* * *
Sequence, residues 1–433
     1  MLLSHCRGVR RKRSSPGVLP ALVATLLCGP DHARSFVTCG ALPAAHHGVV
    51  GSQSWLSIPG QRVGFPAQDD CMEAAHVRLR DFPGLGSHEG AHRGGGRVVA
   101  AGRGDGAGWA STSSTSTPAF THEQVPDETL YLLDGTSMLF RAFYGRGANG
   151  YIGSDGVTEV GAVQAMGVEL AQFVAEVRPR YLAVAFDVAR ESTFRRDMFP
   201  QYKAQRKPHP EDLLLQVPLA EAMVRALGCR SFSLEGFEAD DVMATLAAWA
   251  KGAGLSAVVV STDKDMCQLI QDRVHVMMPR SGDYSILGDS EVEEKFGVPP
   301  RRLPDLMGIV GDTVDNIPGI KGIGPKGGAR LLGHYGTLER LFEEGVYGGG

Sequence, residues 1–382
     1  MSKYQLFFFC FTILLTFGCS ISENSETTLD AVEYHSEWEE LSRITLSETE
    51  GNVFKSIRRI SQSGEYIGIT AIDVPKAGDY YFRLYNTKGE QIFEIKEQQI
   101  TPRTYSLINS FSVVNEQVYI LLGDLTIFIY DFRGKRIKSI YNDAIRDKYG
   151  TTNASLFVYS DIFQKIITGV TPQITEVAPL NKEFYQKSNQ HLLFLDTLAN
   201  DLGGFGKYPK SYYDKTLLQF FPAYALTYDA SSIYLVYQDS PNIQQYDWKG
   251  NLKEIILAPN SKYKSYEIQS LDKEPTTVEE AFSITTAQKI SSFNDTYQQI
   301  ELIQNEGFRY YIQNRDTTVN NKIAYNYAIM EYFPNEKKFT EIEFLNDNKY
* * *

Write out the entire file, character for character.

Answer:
Sequence, residues 1–433
     1  MLLSHCRGVR RKRSSPGVLP ALVATLLCGP DHARSFVTCG ALPAAHHGVV
    51  GSQSWLSIPG QRVGFPAQDD CMEAAHVRLR DFPGLGSHEG AHRGGGRVVA
   101  AGRGDGAGWA STSSTSTPAF THEQVPDETL YLLDGTSMLF RAFYGRGANG
   151  YIGSDGVTEV GAVQAMGVEL AQFVAEVRPR YLAVAFDVAR ESTFRRDMFP
   201  QYKAQRKPHP EDLLLQVPLA EAMVRALGCR SFSLEGFEAD DVMATLAAWA
   251  KGAGLSAVVV STDKDMCQLI QDRVHVMMPR SGDYSILGDS EVEEKFGVPP
   301  RRLPDLMGIV GDTVDNIPGI KGIGPKGGAR LLGHYGTLER LFEEGVYGGG

Sequence, residues 1–382
     1  MSKYQLFFFC FTILLTFGCS ISENSETTLD AVEYHSEWEE LSRITLSETE
    51  GNVFKSIRRI SQSGEYIGIT AIDVPKAGDY YFRLYNTKGE QIFEIKEQQI
   101  TPRTYSLINS FSVVNEQVYI LLGDLTIFIY DFRGKRIKSI YNDAIRDKYG
   151  TTNASLFVYS DIFQKIITGV TPQITEVAPL NKEFYQKSNQ HLLFLDTLAN
   201  DLGGFGKYPK SYYDKTLLQF FPAYALTYDA SSIYLVYQDS PNIQQYDWKG
   251  NLKEIILAPN SKYKSYEIQS LDKEPTTVEE AFSITTAQKI SSFNDTYQQI
   301  ELIQNEGFRY YIQNRDTTVN NKIAYNYAIM EYFPNEKKFT EIEFLNDNKY